And the Bead Goes On

Of Finish Fetish and Liza Lou's American Glamorama

In a letter urging a discouraged Ingrid Bergman not to give up on acting, the filmmaker Jean Renoir once wrote that "the cult of great ideas is dangerous and may destroy the real basis for great achievements, that is, the daily, humble work within the framework of a profession." Renoir's philosophy fell wide of the usual range of masculine counsel— it takes big ideas to make big careers, after all. A tacit understanding in the arts has always held that the small, the humble, the diligent and daily carry an automatic and nearly disqualifying feminine taint.

But women's work has been subjected to some rigorous appraisal in the postfeminist era, revitalized in theory and fact. It isn't always necessary to seriousness anymore for artists to butch it up with palette knives and chain saws, not when so many are making tough art with needle and thread. The fact that artist Elaine Reichek critiques "women's work" with her needlepoint samplers doesn't prevent her from taking pleasure in doing the stitching herself. The same might be said of the biomorphic shapes sculptor Oliver Herring creates by knitting Mylar strips. Certainly it's true of the obsessive environments erected by Liza Lou.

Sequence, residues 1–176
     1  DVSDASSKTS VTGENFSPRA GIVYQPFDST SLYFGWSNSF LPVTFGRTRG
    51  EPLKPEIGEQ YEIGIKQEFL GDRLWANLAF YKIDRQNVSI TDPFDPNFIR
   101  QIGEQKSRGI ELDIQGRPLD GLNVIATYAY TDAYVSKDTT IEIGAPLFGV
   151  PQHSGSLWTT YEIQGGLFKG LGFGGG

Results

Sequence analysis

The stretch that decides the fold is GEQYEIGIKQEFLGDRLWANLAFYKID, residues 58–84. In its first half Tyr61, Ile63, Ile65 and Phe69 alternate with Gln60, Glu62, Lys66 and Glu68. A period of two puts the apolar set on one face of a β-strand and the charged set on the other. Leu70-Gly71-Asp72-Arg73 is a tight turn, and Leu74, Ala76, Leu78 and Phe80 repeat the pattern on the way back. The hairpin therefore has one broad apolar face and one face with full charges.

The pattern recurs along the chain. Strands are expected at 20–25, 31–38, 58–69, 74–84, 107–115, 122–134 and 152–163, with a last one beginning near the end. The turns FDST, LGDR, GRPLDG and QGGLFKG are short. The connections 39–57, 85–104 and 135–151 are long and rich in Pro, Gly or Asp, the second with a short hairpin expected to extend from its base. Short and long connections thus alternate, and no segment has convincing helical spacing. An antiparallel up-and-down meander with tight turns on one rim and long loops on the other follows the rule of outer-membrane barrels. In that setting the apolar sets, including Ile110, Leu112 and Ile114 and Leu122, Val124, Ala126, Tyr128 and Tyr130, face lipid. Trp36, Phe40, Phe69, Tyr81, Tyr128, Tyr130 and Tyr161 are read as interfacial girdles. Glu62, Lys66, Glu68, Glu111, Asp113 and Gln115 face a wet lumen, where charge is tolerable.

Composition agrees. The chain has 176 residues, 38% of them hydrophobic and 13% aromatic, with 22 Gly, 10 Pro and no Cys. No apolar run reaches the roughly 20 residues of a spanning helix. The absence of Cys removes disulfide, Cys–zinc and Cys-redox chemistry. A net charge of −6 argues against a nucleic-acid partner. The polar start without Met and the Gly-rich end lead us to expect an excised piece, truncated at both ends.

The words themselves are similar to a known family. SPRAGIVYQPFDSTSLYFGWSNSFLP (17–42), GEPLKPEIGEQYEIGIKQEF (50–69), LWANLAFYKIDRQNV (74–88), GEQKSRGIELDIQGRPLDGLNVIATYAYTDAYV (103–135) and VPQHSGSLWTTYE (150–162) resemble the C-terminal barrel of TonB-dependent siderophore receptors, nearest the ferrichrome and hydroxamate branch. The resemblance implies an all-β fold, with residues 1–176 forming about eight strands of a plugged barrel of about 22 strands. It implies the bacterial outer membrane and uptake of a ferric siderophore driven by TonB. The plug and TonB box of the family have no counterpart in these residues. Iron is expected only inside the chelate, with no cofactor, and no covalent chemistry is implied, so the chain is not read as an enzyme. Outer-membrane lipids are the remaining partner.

Some will remember the California-based Lou for her installation Kitchen, shown a couple of years back at the New Museum. A replica of a typical American kitchen of the late 1950s, Kitchen was built to scale and formed entirely of beads. There was a beaded sink with a beaded faucet, a beaded floor and beaded table with a beaded bowl of fruit. The beaded refrigerator was filled with beaded staples. The installation was antic and obsessive, fascinating and repulsive, and played games with both surface and iconography. It took Liza Lou five years to create and it made her name overnight.

Lou beaded 1 million individual blades of grass for American Glamorama's idealized backyard.
photo: Sylvia Plachy
Lou beaded 1 million individual blades of grass for American Glamorama's idealized backyard.